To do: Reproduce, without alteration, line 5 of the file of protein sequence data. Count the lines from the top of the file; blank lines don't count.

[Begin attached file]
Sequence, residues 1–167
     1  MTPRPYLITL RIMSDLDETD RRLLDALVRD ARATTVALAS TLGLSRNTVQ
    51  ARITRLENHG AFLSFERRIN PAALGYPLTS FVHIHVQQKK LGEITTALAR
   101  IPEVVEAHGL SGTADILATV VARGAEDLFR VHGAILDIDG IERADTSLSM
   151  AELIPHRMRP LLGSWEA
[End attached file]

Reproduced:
   151  AELIPHRMRP LLGSWEA